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This article was taken from the Rare Breeds Journal in 2000.  Almost 15 years later,  The breed has continued to develop with the help of the Registry and breeders that participate to ensure the future of this incredible breed of sheep.

Since this time,  the Miniature Harlequin Sheep has received National Coverage via Magazines, TV, Newspapers and more.    Articles will continue to be posted over time.

Sterling, Kathleene. "The Harlequin Sheep." Rare Breeds Journal XIV (2000): 14.

By: Kathleene Sterling,
Black Sheep Farm,
Berryville Virginia
(Breed Founder)
The Harlequin sheep is a dual purpose meat and wool sheep that is the result of an intensive breeding program spanning over 25 years. At this time, it must be considered a color pattern, rather than a true breed, because breeding two Harlequins does not always result in a Harlequin lamb. I used many breeds of sheep originally buying purebred rams and breeding to the ewes that had the color, fleece, and conformation characteristics that I liked. I used Karakul, Tunis, Corriedale, Lincoln, Border Leicester, Romney, Montadale, Finn-Rambouillet, Dorset, and Southdown rams. About 10 years ago, I decided to close the flock and not bring in any more outside blood for several years. I have been inbreeding extensively since that time. My goal was to was to produce a dual-purpose sheep with the size and general conformation of the Southdown and with a fleece that is varied in staple length/texture and color. Most of the spotted sheep in the Herd have two different lengths of staple with the white wool often longer than the dark wool. They may have one or both eyes blue or partially blue and they are always polled. There is no Jacob breeding in the Harlequin sheep.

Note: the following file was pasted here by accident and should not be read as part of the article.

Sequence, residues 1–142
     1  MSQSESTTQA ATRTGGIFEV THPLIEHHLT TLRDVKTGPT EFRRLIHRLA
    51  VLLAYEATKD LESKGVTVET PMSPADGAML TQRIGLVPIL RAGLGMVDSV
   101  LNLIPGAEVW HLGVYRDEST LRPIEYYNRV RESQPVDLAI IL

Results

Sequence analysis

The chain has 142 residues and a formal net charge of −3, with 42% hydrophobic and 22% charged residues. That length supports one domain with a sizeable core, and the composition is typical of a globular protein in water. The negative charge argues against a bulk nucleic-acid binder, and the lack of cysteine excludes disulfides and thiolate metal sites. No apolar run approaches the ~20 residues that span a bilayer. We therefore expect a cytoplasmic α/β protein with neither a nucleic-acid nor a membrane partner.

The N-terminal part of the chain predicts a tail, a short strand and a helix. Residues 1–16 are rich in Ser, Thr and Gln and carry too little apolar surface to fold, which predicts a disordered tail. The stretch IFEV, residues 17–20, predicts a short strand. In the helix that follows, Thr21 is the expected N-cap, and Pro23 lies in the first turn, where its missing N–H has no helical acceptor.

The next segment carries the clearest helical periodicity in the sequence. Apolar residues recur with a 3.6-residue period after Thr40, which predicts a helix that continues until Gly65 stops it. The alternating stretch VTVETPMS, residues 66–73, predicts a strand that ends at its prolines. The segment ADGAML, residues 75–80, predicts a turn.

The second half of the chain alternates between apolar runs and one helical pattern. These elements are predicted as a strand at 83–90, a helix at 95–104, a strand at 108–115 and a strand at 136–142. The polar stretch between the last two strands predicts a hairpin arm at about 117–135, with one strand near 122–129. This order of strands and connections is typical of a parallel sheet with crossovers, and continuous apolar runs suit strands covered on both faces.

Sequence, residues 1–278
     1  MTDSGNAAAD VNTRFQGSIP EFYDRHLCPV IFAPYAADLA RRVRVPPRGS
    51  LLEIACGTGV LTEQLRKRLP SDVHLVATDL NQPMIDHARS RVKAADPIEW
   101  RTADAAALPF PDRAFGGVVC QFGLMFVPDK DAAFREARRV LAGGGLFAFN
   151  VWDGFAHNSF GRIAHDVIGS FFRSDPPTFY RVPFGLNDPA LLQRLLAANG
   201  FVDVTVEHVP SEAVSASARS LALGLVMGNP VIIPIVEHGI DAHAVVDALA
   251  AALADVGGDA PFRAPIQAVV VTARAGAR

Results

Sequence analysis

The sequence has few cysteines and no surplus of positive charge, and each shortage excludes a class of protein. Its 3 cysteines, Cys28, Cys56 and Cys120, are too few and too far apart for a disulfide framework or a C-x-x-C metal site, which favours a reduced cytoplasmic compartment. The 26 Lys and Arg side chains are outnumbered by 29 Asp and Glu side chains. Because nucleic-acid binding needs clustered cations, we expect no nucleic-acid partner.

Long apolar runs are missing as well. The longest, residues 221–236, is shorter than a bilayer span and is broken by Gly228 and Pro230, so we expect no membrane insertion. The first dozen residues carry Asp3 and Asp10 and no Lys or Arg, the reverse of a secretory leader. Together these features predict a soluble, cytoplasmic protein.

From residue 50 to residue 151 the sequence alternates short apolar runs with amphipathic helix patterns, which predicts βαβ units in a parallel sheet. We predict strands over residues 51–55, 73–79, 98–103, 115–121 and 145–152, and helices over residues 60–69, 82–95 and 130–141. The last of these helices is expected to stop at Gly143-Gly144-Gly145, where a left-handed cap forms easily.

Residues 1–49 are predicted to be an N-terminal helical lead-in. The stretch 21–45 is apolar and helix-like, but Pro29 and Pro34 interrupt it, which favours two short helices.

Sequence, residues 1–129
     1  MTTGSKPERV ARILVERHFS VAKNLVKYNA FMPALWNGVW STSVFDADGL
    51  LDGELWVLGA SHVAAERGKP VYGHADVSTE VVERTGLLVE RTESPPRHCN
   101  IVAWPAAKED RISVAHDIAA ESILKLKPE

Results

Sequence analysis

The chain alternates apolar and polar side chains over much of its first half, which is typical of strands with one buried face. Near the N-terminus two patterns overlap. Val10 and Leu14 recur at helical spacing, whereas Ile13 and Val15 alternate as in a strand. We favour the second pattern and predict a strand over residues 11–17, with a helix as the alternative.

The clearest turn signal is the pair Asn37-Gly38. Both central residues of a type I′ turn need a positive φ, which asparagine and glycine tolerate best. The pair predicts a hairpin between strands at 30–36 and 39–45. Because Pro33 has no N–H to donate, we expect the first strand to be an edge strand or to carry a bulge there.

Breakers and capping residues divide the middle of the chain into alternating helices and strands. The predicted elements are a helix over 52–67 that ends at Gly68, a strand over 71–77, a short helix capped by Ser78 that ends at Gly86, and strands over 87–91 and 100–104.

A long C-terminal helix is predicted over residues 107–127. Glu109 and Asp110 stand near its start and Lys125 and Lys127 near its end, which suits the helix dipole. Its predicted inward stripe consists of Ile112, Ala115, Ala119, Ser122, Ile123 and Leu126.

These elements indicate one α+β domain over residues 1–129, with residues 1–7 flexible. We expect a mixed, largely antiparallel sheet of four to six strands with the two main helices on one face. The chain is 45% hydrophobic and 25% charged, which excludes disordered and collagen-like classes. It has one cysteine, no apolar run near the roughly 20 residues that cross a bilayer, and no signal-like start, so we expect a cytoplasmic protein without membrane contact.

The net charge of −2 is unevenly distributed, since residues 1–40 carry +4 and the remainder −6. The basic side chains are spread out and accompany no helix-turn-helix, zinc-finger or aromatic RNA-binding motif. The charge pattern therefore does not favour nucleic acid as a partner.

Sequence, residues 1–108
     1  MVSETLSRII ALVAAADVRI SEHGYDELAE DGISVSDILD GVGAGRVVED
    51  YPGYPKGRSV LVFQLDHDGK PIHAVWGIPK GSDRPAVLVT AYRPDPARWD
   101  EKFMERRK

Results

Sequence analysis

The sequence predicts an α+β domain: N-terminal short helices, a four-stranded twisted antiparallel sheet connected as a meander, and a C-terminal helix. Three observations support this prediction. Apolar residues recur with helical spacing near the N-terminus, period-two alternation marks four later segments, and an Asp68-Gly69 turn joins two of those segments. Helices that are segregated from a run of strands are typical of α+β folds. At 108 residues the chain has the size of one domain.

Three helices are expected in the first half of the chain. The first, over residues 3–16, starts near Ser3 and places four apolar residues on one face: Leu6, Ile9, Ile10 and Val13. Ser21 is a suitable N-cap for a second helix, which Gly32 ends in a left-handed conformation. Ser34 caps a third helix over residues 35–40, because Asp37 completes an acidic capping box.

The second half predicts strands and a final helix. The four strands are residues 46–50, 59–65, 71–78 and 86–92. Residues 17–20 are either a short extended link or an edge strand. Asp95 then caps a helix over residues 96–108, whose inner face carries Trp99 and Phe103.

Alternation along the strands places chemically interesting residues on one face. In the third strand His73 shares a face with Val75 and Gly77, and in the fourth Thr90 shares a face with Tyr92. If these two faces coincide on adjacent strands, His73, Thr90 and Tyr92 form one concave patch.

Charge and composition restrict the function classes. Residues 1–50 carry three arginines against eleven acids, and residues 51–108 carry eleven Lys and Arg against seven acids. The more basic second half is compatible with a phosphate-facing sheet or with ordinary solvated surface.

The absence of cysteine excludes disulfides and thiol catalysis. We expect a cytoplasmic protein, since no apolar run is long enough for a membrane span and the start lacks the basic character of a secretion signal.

Three distinct color patterns have developed over the years: one has a dark head, with a few dark body spots; one has patches of color all over the body; and the third type tends to be mostly dark, with a white rump and other white markings. Another type may be any of the above patterns, but quickly starts to grey out and eventually the pattern s lost. 
The usual colors are black, brown, or grey with white. Occasionally, a red and white lamb may be born, going back to the Tunis, but that color will fade out. Most of the Sheep will, overtime, develop black freckling on the skin and black wool grows from those areas. This freckling is very noticeable when they are newly shorn. The wool is usually of a medium length staple, although I have tried to keep a line of Lincoln cross ewes in the herd to produce a longer staple…these ewes are only producing Harlequin lambs now after 3 or 4 generations out from the Lincoln rams. 

At this time, the herd, which still consists of about half solid colored ewes, is producing about 2/3 Harlequin lambs. I will continue to in-breed and save Harlequin ewes to breed back until they breed true all of the time. 

I have spinners who will spin the raw fleece just as it comes off the sheep… resulting in a wildly patterned and textured final product. Others carefully separate the different colors in the fleece before using it, and others have it processed together, which results in a very attractive heather grey wool. 

In addition, because of the extensive inbreeding, I am developing a second line of mini-Harlequins… very small, colorful sheep similar to Babydoll Southdowns in shape, but with the patterned fleece. 

Sterling, Kathleene. "The Harlequin Sheep." Rare Breeds Journal XIV (2000): 14.

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Miniature Harlequin Sheep Registry
PO Box 2237
Cleveland, GA 30528

Phone: 706.348.7279    Email: